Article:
Obtaining Posteriors. At the posterior generation phase, the adversary feeds each target sample to the shadow original model and its corresponding shadow unlearned model , and gets two posteriors and .

Constructing Features. The adversary then uses the feature construction methods discussed in Section 3.3 to construct training cases for the attack model. In classical membership inference, posteriors of serve as member cases of the attack model. But in the machine unlearning setting, is member of shadow original model and non-member of shadow unlearned model . To avoid confusion, we call the samples related to positive cases instead of member cases for the attack model.

To train the attack model, the adversary also needs a set of negative cases. This can be done by sampling a set of negative query samples from the shadow negative dataset and query the shadow original model and unlearned model. To get a good model generalization performance, the adversary needs to ensure that the number of positive cases and the number of negative cases of the attack model are balanced, i.e., , where is the cardinality of the sample set.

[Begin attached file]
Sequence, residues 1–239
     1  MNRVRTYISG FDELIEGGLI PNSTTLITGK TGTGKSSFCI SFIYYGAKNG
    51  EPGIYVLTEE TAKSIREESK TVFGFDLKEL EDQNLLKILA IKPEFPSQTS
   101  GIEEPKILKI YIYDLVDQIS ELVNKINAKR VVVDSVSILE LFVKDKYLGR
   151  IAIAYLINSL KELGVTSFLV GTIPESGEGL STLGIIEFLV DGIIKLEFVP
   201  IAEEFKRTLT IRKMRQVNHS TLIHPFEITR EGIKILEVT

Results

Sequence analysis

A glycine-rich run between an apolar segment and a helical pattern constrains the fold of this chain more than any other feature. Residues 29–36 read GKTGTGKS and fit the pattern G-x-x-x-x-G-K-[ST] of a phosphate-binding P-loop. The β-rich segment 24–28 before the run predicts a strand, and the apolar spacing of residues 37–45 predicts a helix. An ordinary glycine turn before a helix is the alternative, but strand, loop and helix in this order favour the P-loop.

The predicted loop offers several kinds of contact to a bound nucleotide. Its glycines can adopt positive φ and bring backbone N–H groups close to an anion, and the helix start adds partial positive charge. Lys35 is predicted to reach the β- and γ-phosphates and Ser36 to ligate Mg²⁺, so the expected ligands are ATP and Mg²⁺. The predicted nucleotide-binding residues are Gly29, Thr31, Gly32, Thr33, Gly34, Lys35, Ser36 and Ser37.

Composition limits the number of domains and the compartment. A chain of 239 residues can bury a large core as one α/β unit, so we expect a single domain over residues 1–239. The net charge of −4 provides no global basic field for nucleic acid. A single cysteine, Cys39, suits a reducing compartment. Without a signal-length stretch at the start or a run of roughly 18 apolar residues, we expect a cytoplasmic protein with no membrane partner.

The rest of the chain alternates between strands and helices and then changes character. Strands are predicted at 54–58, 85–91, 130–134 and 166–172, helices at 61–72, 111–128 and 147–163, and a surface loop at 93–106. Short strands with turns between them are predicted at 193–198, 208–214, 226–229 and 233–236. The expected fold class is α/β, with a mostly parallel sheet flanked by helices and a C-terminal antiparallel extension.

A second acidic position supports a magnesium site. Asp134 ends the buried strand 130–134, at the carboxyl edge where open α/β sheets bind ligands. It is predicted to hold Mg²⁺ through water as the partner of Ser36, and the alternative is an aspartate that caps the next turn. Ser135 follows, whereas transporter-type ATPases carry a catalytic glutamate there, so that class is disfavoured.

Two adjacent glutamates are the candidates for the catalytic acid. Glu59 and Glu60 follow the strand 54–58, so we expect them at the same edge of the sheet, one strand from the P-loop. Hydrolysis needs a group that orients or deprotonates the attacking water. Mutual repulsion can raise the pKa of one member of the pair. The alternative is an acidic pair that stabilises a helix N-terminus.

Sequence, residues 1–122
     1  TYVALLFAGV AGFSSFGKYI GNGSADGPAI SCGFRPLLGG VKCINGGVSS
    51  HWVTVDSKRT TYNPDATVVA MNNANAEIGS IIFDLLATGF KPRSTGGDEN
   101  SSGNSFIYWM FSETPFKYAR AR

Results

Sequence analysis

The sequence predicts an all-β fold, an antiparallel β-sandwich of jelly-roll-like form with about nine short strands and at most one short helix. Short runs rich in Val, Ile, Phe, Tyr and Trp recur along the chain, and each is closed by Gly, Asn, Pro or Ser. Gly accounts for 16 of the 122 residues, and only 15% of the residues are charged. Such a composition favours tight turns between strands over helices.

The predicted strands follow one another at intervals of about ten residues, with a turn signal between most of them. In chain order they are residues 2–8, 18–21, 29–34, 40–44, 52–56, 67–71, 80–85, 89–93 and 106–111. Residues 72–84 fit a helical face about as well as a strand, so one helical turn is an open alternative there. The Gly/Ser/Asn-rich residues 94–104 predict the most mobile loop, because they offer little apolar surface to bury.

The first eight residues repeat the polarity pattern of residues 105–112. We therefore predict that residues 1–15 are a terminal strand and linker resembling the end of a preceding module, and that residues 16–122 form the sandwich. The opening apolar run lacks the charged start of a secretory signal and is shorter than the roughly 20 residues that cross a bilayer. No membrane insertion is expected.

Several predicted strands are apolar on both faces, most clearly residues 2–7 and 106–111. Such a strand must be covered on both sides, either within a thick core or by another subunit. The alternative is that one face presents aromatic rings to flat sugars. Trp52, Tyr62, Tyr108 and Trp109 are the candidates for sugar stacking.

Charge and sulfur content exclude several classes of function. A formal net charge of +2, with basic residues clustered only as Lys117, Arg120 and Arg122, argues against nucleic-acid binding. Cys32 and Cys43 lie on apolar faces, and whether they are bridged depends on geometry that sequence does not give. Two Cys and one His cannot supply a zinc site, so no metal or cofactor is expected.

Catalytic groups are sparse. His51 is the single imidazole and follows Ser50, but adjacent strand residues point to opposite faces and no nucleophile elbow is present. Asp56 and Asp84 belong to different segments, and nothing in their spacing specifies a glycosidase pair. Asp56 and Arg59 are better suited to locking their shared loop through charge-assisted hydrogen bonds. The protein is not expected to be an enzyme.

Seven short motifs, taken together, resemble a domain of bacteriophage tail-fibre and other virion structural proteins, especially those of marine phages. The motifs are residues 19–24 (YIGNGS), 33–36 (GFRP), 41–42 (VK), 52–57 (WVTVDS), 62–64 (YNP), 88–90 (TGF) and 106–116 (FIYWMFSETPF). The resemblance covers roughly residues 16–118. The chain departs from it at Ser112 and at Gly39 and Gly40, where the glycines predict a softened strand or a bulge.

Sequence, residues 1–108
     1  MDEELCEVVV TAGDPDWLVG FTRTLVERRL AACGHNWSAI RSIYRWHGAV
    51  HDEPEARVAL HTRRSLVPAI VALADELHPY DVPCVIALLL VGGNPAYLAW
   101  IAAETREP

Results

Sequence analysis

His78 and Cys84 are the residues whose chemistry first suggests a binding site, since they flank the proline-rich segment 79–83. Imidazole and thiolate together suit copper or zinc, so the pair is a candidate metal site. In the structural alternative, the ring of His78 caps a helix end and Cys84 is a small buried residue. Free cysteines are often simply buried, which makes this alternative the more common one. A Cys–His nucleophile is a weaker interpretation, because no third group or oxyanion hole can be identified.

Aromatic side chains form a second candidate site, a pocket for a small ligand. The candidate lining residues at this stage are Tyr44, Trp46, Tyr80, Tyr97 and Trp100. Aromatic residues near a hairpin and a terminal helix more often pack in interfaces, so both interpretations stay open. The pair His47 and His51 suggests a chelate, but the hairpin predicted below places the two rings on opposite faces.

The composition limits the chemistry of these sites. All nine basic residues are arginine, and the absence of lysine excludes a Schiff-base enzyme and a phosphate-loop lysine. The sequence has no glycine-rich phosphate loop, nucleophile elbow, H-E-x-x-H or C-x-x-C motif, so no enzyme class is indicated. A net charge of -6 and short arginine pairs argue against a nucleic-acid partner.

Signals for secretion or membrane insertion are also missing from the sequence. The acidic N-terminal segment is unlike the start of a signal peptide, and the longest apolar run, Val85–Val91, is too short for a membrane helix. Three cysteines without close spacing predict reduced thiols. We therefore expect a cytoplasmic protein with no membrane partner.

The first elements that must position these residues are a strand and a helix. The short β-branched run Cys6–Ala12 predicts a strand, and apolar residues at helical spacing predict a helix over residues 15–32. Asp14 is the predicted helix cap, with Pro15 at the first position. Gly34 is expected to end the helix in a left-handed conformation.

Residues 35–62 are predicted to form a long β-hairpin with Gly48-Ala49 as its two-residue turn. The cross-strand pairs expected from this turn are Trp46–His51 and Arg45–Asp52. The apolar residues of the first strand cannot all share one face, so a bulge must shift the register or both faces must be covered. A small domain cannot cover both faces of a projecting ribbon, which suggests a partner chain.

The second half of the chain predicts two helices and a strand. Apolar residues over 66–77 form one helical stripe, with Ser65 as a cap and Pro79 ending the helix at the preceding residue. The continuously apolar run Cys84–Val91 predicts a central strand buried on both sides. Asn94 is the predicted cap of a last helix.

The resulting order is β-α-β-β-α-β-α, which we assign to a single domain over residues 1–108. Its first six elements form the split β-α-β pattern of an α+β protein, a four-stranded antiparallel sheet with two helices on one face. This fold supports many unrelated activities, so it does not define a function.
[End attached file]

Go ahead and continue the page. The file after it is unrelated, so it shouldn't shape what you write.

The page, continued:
Improving Diversity. To improve the diversity of the attack model, the adversary obtains multiple shadow original models by randomly sampling multiple subsets of samples from the shadow positive dataset . For each shadow original model,the adversary randomly generates a set of deletion requests and trains a sequence of shadow unlearned models. In Section 5.5, we will conduct empirical experiments to show the impact of the number of shadow original models on the attack performance.

Training Attack Model.

Given sets of positive cases with features and negative cases with features, we rely on four standard and widely used classifiers for our attack model: logistic regression, decision tree, random forest, and multi-layer perceptron.

3.3 Feature Construction

Given the two posteriors, a straightforward approach to aggregate the information is to concatenate them, i.e., , where is the concatenation operation. This preserves the full information. However, it is possible that the concatenation contains redundancy. In order to reduce redundancy, we can instead rely on the difference between and to capture the discrepancy left by the deletion of the target sample. In particular, we make use of the element-wise difference and the Euclidean distance .